The question of what to do with 25 petabytes of data uploaded to Megaupload may be settled this week. But there are legal questions about whether the site’s owner could stand trial.
As we reported in January, federal officials took control of Megaupload’s bank accounts as part of the legal crackdown on the site. That left two hosting companies unpaid and preparing to take their usual action when there’s no sign of a customer paying up, namely wiping the files. To put things into context, one of the hosts says the Megaupload bill is $9,000 a day.
After a lengthy legal process, three issues remain unresolved heading into negotiations on Thursday. Firstly, does Megaupload have the right to access enough cash from its frozen accounts to keep the data on the servers? Secondly, can the hosting firms be forced to keep the data intact even if they don’t get paid?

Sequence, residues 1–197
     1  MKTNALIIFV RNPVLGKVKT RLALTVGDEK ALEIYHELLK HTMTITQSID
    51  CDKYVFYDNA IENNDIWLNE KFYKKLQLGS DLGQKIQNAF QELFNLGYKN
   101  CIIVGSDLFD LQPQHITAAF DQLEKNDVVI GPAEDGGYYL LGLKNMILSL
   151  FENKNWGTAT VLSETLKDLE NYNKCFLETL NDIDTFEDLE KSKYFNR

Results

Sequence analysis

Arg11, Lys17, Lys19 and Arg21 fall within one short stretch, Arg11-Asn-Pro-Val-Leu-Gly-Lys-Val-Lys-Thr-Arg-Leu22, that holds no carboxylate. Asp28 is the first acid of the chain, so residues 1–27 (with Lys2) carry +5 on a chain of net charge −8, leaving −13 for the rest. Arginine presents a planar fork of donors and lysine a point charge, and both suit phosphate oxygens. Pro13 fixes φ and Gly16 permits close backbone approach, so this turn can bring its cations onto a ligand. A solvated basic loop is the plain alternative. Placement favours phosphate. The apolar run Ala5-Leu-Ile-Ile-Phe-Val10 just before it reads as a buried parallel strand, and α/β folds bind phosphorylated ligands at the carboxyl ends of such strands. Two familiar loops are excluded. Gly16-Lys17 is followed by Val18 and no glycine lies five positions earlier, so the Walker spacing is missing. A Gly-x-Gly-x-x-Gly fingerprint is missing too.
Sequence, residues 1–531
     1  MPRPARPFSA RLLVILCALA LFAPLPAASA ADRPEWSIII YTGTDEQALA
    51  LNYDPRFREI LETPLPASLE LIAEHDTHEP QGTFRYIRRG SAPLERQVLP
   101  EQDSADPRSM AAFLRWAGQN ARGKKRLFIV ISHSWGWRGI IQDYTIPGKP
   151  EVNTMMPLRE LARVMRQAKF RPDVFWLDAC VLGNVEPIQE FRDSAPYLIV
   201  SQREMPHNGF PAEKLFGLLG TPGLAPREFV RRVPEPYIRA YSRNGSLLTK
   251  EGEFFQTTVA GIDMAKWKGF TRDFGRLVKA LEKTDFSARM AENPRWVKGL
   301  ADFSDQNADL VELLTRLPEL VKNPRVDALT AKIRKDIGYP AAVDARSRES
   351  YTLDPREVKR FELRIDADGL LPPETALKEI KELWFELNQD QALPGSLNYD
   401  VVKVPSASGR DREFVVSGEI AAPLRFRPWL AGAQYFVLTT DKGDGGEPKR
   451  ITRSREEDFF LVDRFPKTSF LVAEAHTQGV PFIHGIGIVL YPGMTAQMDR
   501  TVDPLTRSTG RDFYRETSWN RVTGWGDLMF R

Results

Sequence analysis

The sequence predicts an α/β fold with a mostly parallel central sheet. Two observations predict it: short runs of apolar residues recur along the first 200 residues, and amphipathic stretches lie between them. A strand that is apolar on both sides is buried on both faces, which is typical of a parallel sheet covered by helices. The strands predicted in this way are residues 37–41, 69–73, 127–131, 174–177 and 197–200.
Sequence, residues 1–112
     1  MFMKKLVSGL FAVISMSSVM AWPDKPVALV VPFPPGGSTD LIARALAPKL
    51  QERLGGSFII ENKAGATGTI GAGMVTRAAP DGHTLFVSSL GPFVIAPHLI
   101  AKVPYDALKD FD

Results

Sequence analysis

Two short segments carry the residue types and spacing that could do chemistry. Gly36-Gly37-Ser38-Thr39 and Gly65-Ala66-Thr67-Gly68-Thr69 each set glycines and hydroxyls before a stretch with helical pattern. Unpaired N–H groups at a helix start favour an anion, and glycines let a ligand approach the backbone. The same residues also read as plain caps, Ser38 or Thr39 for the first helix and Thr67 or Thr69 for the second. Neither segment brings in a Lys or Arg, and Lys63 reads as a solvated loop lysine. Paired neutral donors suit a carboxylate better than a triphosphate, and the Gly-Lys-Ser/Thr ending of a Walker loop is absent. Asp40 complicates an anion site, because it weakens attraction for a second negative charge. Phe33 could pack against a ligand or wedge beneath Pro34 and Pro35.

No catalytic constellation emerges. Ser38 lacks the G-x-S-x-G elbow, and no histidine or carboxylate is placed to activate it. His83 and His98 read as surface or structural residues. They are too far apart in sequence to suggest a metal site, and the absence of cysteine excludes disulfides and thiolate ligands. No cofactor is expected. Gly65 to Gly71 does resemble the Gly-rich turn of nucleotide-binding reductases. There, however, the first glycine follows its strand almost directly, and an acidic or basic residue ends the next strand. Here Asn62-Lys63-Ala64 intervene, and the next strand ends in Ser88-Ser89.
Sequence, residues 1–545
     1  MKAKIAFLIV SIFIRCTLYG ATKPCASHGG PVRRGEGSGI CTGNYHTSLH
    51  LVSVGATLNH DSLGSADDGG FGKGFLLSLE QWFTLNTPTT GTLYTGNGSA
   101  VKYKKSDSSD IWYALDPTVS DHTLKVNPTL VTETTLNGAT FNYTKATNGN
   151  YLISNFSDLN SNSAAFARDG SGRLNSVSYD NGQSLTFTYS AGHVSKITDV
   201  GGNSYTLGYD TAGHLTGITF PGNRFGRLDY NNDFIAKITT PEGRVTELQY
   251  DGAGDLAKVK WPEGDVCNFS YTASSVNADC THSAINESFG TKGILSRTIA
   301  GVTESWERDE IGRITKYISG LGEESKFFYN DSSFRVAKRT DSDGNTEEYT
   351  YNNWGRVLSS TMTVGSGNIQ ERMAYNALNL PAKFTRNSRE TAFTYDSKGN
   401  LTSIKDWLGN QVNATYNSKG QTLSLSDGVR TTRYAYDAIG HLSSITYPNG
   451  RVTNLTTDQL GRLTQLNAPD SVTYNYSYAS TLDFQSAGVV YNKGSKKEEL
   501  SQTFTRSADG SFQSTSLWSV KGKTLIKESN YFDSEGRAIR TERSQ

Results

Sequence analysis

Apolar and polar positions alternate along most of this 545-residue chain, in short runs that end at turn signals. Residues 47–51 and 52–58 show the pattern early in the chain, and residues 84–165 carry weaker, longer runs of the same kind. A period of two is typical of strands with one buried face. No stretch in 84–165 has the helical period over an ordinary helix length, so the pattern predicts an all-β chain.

And finally, if the data is preserved, does Megaupload have the right to allow uploaders to access their files? (Under the current legal situation, there doesn’t seem to be any serious prospect of the files in question being available for third-party download again.)
But it was the legal discussions that set up this week’s formal negotiations that produced a real curveball. Judge Liam O’Grady noted that it’s not certain there’ll ever be a copyright infringement trial over the case.
The problem is that while Megaupload founder Kim Dotcom has been charged over the affair (and arrested in New Zealand), there haven’t yet been any proceedings against Megaupload itself, and it may be possible that simply can’t happen. Whereas the US legal system works on the basis that individuals can be charged anywhere in the world, a company must usually be physically based in the US to come under its legal system.
If that theory holds, prosecutors will have the potentially difficult task of proving that Dotcom as an individual is legally responsible for the actions of Megaupload the corporation, of which he is reported to be a 68% owner.